A brutal week on the Major League Soccer schedule saw D.C. United fly roundtrip to the Pacific Northwest before hosting its biggest rival during a midweek game and then, two days later, bussing north for its third match in seven days. Weary, worn-out and without its captain for nearly two full games, United suffered three consecutive defeats in the thick of the Eastern Conference playoff race.
In an attempt to turn the tide, the Black-and-Red held a team meeting Tuesday morning in which players and coaches were encouraged to share their thoughts about what needs to be changed down the stretch.
“That’s between me and the team,” coach Ben Olsen said earlier this week. “You know how these moments in the season are. It’s emotional and it’s good to sometimes get some things off your chest and let the players speak and let the head coach speak. Just throw it on the table, man.
“I think we’ve identified some things that well need to do better. That doesn’t mean snap your fingers and now become a great team after a little bit of a slump. But there’s little ways to chip away and get back to the form that we believe we can get to. There’s talent in there. But that’s not going to be enough. We have to bring more in a whole host of areas.”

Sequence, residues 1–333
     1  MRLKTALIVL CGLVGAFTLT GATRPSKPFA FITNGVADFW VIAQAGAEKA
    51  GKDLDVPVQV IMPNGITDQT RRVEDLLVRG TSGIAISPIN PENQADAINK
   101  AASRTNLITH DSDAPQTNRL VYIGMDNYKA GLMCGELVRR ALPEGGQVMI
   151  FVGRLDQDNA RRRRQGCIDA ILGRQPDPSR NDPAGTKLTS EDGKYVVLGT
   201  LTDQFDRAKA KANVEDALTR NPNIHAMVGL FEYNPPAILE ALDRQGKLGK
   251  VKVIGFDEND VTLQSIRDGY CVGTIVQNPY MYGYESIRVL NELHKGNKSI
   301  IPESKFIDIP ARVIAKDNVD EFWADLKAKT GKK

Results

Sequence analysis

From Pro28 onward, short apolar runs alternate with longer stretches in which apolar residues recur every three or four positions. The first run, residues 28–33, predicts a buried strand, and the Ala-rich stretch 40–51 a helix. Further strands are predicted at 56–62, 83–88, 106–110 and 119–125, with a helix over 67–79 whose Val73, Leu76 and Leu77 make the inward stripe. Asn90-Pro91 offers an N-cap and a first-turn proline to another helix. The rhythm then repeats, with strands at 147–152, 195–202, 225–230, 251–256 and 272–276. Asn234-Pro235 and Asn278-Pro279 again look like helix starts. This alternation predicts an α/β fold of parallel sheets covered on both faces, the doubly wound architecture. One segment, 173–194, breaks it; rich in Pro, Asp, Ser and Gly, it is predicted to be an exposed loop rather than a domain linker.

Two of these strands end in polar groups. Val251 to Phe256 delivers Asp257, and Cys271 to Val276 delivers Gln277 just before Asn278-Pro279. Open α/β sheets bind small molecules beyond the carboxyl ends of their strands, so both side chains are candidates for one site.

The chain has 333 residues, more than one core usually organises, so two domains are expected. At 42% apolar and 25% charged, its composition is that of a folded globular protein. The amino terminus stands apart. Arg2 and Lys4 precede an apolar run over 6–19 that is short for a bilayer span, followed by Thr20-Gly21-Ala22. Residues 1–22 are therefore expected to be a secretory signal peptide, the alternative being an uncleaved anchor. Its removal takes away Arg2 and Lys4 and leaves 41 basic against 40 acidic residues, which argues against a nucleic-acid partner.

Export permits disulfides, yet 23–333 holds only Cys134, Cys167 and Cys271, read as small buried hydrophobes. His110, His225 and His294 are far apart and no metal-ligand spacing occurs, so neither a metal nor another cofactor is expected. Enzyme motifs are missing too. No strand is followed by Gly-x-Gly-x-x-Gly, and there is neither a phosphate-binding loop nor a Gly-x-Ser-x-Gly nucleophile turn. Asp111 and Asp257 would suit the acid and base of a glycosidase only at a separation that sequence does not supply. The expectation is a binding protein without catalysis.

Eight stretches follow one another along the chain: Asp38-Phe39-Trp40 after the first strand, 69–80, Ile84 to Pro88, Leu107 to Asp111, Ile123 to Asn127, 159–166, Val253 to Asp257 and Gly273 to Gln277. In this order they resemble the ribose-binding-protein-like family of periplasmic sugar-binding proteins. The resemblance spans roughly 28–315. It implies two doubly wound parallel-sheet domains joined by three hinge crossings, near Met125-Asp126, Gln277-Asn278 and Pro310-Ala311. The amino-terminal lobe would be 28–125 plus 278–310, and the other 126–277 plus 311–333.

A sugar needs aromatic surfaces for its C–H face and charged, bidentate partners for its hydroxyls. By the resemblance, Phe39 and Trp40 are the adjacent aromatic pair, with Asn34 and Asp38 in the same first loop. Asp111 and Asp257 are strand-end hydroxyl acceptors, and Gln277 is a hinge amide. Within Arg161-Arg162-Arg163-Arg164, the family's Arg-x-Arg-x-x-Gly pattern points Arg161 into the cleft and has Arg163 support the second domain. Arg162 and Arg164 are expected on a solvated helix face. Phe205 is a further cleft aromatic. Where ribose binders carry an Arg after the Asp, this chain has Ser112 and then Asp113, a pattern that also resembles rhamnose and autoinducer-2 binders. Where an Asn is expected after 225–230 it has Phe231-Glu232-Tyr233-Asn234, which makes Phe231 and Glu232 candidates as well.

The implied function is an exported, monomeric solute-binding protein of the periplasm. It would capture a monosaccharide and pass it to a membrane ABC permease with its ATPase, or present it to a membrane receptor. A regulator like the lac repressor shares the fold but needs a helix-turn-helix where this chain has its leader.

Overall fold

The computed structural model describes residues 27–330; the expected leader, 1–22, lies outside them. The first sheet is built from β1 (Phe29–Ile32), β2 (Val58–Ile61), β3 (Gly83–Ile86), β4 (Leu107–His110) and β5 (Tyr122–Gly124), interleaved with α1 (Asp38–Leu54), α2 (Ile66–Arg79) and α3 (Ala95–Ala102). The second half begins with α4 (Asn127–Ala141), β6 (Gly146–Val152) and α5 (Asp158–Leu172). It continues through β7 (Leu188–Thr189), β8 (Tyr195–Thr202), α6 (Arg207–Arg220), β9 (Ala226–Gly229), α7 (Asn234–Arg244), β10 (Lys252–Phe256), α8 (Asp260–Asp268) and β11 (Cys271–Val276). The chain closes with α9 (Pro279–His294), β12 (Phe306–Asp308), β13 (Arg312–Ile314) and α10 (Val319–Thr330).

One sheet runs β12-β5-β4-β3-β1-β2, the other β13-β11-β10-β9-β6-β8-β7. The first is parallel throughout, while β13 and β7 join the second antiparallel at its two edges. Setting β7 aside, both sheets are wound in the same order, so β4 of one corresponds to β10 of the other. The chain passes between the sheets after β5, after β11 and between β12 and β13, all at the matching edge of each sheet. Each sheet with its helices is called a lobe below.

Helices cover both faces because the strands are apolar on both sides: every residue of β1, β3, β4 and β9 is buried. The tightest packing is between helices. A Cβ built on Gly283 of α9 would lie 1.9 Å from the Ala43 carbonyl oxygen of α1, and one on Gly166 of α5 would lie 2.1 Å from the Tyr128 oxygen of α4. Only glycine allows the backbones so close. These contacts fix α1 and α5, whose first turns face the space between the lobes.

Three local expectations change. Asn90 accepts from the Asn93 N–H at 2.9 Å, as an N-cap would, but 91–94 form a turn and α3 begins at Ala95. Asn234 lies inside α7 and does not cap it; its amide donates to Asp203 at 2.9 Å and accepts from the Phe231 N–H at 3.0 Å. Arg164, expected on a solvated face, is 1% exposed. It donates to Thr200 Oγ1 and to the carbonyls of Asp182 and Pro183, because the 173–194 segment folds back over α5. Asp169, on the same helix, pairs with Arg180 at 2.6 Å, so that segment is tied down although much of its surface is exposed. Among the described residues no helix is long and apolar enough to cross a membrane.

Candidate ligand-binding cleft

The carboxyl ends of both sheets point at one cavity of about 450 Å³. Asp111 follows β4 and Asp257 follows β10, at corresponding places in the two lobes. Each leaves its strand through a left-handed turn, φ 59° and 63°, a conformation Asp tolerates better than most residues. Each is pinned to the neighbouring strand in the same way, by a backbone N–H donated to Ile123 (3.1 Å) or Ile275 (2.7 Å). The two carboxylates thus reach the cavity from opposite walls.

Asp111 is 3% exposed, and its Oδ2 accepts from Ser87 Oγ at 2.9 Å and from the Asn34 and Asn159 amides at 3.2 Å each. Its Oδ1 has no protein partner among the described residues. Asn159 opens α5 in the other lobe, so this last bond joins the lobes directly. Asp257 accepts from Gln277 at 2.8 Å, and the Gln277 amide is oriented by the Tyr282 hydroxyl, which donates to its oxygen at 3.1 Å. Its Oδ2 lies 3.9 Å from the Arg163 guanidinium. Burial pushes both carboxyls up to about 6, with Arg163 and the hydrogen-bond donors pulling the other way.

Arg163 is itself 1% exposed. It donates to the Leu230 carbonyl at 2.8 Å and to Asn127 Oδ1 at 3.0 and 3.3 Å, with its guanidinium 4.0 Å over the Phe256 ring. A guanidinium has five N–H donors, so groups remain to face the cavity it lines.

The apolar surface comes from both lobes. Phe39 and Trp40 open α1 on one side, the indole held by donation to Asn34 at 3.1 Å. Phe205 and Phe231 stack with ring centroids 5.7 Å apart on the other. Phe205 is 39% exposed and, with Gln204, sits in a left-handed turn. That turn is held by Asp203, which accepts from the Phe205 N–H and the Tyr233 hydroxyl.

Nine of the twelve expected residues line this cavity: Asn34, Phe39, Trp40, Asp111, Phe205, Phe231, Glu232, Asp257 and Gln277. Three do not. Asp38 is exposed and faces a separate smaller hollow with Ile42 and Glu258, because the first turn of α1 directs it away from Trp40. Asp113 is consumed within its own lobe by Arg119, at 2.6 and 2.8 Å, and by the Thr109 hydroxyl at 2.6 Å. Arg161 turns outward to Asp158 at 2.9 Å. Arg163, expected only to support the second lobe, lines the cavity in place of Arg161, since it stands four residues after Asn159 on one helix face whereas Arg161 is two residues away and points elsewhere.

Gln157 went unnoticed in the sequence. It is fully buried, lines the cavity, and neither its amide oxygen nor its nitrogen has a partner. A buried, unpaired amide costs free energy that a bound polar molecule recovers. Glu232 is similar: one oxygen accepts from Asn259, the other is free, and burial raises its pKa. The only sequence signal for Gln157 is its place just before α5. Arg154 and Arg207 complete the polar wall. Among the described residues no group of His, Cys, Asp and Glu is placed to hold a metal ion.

Here’s what you need to know before kickoff:
Opponent: Montreal Impact
Record: 11 wins, 14 losses, 4 draws
Standings: 7th place in the Eastern Conference, level on points with Toronto FC but leading in total wins, which is the league’s first tiebreaker
Last match: Win, 2-1, vs. Vancouver Whitecaps FC
Head coach: Wilmer Cabrera; first season; overall record of 1 win, 1 loss, 0 draws
Montreal shocked the MLS community by sacking manager Remi Garde on August 21, just a few days after the team wasted a 3-0 lead against FC Dallas and settled for a deflating draw. Garde’s replacement, Wilmer Cabrera, served as head coach of the Houston Dynamo beginning with the 2017 season and led them to the U.S. Open Cup title the following year. Cabrera also served as head coach of Chivas USA, in 2014, and worked previously as an assistant for the Colorado Rapids, in 2012 and 2013. He gained additional coaching experience with various age groups in the U.S. Men’s Youth National Program, most notably the U17 group from 2007-12.
Olsen was asked about coaching turnover in MLS earlier this week.